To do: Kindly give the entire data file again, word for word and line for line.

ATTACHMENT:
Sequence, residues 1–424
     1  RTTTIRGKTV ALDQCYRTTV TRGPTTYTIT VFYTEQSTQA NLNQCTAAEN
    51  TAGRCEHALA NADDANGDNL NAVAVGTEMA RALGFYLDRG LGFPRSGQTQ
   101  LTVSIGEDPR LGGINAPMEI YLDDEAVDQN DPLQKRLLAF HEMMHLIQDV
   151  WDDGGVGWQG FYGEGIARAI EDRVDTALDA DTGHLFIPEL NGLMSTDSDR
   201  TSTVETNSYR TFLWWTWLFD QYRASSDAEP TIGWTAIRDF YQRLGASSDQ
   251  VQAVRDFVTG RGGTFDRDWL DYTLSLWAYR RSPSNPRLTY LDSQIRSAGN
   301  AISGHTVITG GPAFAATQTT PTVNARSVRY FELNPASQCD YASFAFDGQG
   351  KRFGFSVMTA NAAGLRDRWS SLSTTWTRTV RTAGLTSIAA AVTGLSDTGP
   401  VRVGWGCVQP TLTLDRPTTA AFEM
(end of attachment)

Sequence, residues 1–424
     1  RTTTIRGKTV ALDQCYRTTV TRGPTTYTIT VFYTEQSTQA NLNQCTAAEN
    51  TAGRCEHALA NADDANGDNL NAVAVGTEMA RALGFYLDRG LGFPRSGQTQ
   101  LTVSIGEDPR LGGINAPMEI YLDDEAVDQN DPLQKRLLAF HEMMHLIQDV
   151  WDDGGVGWQG FYGEGIARAI EDRVDTALDA DTGHLFIPEL NGLMSTDSDR
   201  TSTVETNSYR TFLWWTWLFD QYRASSDAEP TIGWTAIRDF YQRLGASSDQ
   251  VQAVRDFVTG RGGTFDRDWL DYTLSLWAYR RSPSNPRLTY LDSQIRSAGN
   301  AISGHTVITG GPAFAATQTT PTVNARSVRY FELNPASQCD YASFAFDGQG
   351  KRFGFSVMTA NAAGLRDRWS SLSTTWTRTV RTAGLTSIAA AVTGLSDTGP
   401  VRVGWGCVQP TLTLDRPTTA AFEM